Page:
• Raising a winner at what, exactly?  Is excelling in this area your child’s dream, or yours?
  • Is your child a puppet and you pull the strings?  Who owns the credit here, you or your kid?
  • Just how involved is your ego here? Is this about you?
  • Do you seriously think that it’s your parenting that makes all the difference, and not your kid’s own innate talent, motivation and hard work?
Am I raising winners? I hope not, because children are not rosebushes or prize pumpkins. They are people.  What I hope I’m doing is raising children I am proud of.  I hope they are pursuing their own dreams, not mine.  I hope I’m seeing what they love to do and clearing the path. When they’re conspicuously successful, I hope they own every bit of that success. I want to just stand there and say, “They did that. Good for them!”  When success looks like a 4.7-mph run pace instead of winning the Olympics, I hope I am just as proud. 

Raising a winner? No thanks. Raising self-directed, authentic, and independent human beings who own their own successes and failures is good enough for me.







Friday, February 21, 2014

Are Your Kids' Pants on Fire?

Are your kid’s pants on fire?  Well, yeah, probably.  We all lie to our parents throughout childhood. Then, when we get to be adults, we switch over to lying to ourselves.  To me, lying and immaturity are almost the same thing, so it’s no wonder that kids lie. Nothing to get shocked and appalled over.

Our job as parents, though, is to try to build that maturity to take the place of the lying – and produce an adult with a strong, straight-talking, no-BS conscience.  Here are some stock scripts to use for different kinds of lies:

·         That sure would be funny /weird if that happened.  This script is a gentle response to the Storytelling Lie, for when you are pretty sure that your kid’s friend does not in fact have a parrot that dresses as a pirate and came to soccer once and scored three goals.  This kind of “lie” is a childish way to solve the problem of “I want to be included in this conversation.”  Acknowledge the desire to connect and either steer the conversation into reality, or just go with imagination and think of other hilarious things that “could” happen at a soccer game.  You want to teach the line between real and imaginary that marks adult conversation without killing the imagination.

·         Are you saying you wish that didn’t happen?  The I Screwed Up Lie, for example, your kid ate all the cookies or broke the lamp, is super common. Kids lie because they lack problem-solving skills to repair mistakes.  They really do have the wish that the situation would just go away and the easiest route that occurs to them is to deny everything or to blame someone else.  Use this to lead into a conversation about why they wish the lamp hadn’t broken, and what they can do besides wishing to make things right.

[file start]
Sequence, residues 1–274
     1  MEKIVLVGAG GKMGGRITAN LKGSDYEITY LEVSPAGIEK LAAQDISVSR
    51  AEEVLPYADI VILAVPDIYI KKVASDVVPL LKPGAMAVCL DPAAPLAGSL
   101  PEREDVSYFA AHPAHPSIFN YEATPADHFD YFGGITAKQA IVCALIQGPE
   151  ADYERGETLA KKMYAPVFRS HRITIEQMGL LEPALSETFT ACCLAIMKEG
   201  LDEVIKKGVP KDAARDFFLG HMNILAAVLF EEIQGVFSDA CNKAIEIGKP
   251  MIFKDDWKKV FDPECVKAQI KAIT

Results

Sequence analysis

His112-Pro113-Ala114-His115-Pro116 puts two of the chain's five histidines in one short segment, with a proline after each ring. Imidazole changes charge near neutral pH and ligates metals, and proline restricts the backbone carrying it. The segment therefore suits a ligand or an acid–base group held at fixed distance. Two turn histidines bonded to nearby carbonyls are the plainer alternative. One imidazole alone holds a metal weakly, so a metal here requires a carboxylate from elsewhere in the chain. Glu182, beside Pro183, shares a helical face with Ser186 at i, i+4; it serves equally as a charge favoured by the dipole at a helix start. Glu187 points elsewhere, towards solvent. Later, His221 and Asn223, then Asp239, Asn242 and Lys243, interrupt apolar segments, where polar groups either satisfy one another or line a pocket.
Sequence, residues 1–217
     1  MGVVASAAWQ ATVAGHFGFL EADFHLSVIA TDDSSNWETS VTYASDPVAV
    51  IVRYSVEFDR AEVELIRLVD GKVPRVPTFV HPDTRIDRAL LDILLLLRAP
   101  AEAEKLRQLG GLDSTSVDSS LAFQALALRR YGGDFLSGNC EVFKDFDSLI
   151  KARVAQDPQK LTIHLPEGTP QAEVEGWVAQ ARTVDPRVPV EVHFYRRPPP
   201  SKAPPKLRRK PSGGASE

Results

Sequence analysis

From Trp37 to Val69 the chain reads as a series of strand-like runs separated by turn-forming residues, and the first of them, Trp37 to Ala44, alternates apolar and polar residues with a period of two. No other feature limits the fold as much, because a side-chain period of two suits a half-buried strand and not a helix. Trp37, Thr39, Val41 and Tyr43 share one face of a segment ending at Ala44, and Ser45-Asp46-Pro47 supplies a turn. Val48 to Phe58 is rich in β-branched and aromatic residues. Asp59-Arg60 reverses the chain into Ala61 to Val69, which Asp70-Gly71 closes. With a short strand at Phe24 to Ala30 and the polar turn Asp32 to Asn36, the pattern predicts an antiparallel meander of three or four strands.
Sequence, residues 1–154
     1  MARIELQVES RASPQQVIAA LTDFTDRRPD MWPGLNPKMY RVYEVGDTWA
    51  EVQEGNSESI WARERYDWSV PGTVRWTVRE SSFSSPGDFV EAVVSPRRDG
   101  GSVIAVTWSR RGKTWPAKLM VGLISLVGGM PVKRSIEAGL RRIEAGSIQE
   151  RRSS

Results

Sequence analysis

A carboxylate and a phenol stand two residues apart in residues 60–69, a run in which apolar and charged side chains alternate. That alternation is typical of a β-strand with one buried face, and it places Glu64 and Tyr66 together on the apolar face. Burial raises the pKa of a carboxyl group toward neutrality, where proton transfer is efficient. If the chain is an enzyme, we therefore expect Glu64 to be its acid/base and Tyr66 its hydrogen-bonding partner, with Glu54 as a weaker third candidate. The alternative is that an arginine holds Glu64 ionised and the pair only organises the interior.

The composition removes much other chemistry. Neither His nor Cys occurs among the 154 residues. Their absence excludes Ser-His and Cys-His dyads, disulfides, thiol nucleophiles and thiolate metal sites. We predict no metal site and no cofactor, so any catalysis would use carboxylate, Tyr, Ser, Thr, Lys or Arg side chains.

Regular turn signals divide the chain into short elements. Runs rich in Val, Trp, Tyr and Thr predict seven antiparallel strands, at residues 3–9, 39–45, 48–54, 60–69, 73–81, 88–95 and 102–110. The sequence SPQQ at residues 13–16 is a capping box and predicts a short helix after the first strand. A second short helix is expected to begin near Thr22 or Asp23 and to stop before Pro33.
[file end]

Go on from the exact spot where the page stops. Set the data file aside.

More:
·         Are you really saying “get off my back”?  The Go Away Lie is often absurdly transparent. It’s a way to get your kids to be straight with you (and themselves) about whether they are meeting their obligations for homework or chores. Use it as an entrĂ©e to a problem-solving process of how they’re planning to self-manage the task. In general, lying about homework means that the child can’t solve one or both of the following problems: how to do the homework, or how to get you to stop micromanaging them. Working on those problems together builds honesty, self-honesty, and time-management skills.

·         Is it time to come clean here?  Sometimes kids get trapped in an Elaborate and Deceptive Lie, for example, a teen lying about where they were last night.  They don’t have any idea how to escape. Asking if it’s time to come clean gives them that script to begin to repair the relationship with you.  After that, you can have the conversation about why lying seemed like the right solution, whether they are lying only to you or also to themselves about the wisdom of their choices, and what a more mature approach would be.   That might look like “Comply with the rules even though I don’t agree with them,” “Ask for five minutes to present my case why the rules should change,” or “Be more honest with myself about whether my choices are wise or healthy.”  With teens especially, you’re teaching them to “come clean” with themselves as much as with you. All too soon, they will be the only ones who can call BS on their lies.


Kids lie because they lack problem-solving skills. Instead of focusing on the “lie as lie,” use it to teach the kind of mature problem-solving that doesn’t require lying to yourself or to others.  If successful, at least your adult children won’t suffer from “pants on fire.”